USS Rankin (AKA-103)
What She Was
The Rankin was an Attack Cargo Ship, designed to land weapons and supplies on enemy shores. She was the 103rd of 114 ships eventually constructed for this purpose. Launched near the end of World War II, she was put in mothballs after the war, then recommissioned during the Korean War in 1952, finally being decommissioned in 1971. Late in her life, in 1969, the Navy changed the AKA designation to LKA, and renamed Attack Cargo Ships as Amphibious Cargo Ships. Other amphibious ships were also redesignated, so all amphibious designators began with the letter L.

She was 459 feet long, with a beam of 63 feet. Fully loaded, she displaced 11,000 tons, with a mean draft of about 20 feet. She had a maximum speed of 16.5 knots and a cruising range of 17,000 miles (imagine a 40-story building that could transport 1,500 Humvees from New York to Los Angeles in just over five days).

She was a very special ship during her 21 years in commission, always characterized by high morale and high performance. At one time, she held every award available to a ship of her type. Later, she was the first Atlantic Fleet ship to wear the Gold E, signifying five straight victories in the annual Battle Efficiency competition. Her captains included a Medal of Honor winner, a winner of the Navy Cross, and a member of the Navy's Blue Angels flight team. Many of her officers later earned flag rank as Navy admirals.

Drawing courtesy of

Her Mission
In 1943, the War in the Pacific involved many amphibious landings, where U.S. forces would attack and occupy enemy-held islands. Similar landings were held in the Atlantic theater. These landings were the most complex activities ever performed by man, and they involved many specialized naval vessels, including newly-designed Attack Cargo Ships, the AKAs.

An AKA carried thousands of tons of tanks, vehicles, and combat supplies, plus the drivers and other Marines responsible for the cargo.

The cargo was combat loaded onto the AKAsóloaded in accordance with a prearranged plan, so when it was offloaded in an amphibious assault, it would be placed ashore ready for combat and in the order required by the troops.

Rankin and the other AKAs carried specialized boats, called landing craft, to take the cargo from the ship to the landing area. AKAs were also equipped with guns, primarily for defense from enemy air attack, and secondarily to assist in the shore bombardment that preceded the landing.

The Rankin's mission was to offload the cargo quickly and accurately into the boats, then to get them ashore precisely when they were needed, often in the face of darkness, heavy seas, and kamikaze attack. The mission required bravery, skill, and teamwork, applied through unremitting hours of dangerous, backbreaking work.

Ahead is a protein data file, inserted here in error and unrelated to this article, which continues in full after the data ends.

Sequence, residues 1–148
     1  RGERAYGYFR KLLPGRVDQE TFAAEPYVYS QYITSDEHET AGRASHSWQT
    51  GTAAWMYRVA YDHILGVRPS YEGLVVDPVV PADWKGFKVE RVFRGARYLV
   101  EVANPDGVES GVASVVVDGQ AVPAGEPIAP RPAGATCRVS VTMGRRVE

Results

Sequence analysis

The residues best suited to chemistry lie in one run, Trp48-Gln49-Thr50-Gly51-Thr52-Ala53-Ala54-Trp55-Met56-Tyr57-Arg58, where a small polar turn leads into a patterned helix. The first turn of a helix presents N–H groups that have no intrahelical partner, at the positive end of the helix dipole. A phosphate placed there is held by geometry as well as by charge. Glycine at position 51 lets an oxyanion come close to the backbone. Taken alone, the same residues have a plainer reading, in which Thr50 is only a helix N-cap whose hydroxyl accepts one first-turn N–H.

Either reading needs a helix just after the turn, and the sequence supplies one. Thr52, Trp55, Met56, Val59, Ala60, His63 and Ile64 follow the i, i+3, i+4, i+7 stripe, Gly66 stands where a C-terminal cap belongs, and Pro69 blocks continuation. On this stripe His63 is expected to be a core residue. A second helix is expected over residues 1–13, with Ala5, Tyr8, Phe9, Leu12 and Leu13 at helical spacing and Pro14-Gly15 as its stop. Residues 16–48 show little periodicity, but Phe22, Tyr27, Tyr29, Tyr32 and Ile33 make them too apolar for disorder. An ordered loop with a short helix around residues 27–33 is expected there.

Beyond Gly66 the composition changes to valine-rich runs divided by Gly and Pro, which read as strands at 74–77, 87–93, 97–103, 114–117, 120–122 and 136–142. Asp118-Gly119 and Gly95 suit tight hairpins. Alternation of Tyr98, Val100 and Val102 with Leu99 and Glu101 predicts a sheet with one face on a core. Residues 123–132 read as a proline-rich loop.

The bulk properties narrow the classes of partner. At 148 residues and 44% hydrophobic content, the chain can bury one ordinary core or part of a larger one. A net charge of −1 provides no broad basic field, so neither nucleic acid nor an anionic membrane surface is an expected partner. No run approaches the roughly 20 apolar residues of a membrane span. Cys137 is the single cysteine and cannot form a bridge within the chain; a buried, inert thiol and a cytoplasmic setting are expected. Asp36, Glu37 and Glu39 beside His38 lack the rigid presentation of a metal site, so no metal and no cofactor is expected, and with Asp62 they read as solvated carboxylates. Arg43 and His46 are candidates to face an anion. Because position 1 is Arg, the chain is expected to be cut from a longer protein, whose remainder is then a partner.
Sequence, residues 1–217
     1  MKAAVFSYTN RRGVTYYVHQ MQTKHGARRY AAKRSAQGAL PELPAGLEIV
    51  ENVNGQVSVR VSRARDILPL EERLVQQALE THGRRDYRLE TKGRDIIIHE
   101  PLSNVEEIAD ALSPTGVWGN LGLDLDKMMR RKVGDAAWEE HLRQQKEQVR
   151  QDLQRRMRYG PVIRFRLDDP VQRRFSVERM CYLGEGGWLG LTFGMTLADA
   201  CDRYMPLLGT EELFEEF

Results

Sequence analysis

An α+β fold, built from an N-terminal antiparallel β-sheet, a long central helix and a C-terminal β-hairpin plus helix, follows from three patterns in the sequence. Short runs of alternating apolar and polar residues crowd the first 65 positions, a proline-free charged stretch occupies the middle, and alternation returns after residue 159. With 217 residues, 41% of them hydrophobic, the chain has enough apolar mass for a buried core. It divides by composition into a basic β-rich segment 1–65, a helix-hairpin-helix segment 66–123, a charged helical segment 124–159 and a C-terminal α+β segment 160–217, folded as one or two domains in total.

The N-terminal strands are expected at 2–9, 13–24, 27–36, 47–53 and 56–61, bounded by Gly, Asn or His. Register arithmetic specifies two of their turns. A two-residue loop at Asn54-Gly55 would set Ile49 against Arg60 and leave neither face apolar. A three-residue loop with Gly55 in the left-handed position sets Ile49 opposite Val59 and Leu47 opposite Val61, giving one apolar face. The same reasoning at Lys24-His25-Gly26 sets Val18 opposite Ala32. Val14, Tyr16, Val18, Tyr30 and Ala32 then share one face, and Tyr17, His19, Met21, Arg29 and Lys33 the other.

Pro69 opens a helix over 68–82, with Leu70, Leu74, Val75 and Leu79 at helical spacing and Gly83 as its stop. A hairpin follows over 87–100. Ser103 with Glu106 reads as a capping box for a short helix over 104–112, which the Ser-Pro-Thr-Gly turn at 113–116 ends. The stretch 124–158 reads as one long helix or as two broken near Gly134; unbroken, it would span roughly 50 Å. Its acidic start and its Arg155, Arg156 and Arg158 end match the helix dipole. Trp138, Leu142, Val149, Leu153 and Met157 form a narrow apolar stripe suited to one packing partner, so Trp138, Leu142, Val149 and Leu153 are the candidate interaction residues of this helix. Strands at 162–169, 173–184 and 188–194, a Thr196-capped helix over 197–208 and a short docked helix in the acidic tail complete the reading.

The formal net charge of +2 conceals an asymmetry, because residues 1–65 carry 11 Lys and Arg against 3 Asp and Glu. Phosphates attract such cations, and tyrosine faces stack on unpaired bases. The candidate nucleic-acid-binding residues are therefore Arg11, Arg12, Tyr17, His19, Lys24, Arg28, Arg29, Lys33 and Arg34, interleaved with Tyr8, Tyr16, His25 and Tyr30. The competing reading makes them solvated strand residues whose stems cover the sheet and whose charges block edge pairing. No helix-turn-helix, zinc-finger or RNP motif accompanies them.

Her Origin and Specifications
From 1943-1945, thousands of merchant ship hulls were built as part of the war effort. Some were then converted to AKAs by adding guns, special boat and cargo handling equipment, etc. The Rankin was one of these ships. Here are her official specifications:

Tolland Class Amphibious Cargo Ship, named for a county in Mississippi. United States Maritime Commission type C2-S-AJ3 hull. Displacement 8,635 tons (light), 13,910 tons (full load); Length 459' 2"; Beam 63'; Draft 26' 4"; Speed 16.5 knots; Complement, Officers 62, Enlisted 333, Total 425; Armament, one single 5"/38 dual purpose gun mount, four twin 40 mm gun mounts, sixteen single 20 mm gun mounts; Boats, 14 LCVP, 8 LCM; Cargo Capacity, 380,000 cubic feet, (5,275 tons); Propulsion, GE geared turbine drive, 1 propeller, 6,000 shaft horsepower.

Jane's Fighting Ships provides slightly different specifications: Displacement 6,456 tons light, 14,160 full load. Combat Load 4,500 tons. Complement 247. Jane's also states that Rankin is a Rankin class ship, and that the 20 mm guns were never mounted.

The complement in the above specifications is that in wartime, or perhaps with embarked Marines. In peacetime, the ship had far fewer officers and men. During the early 1960s, for example, there were usually only 24-28 officers aboard, and 200-225 enlisted men.

Similarly, her complement of boats was different in peacetime. In the early 1960s, Rankin had 8 LCM boats, but only 6 LCVPs. She also had two LCPLs.
Specifications are from NavSource Online; Jane's Fighting Ships, 1967-1968; and personal recollections.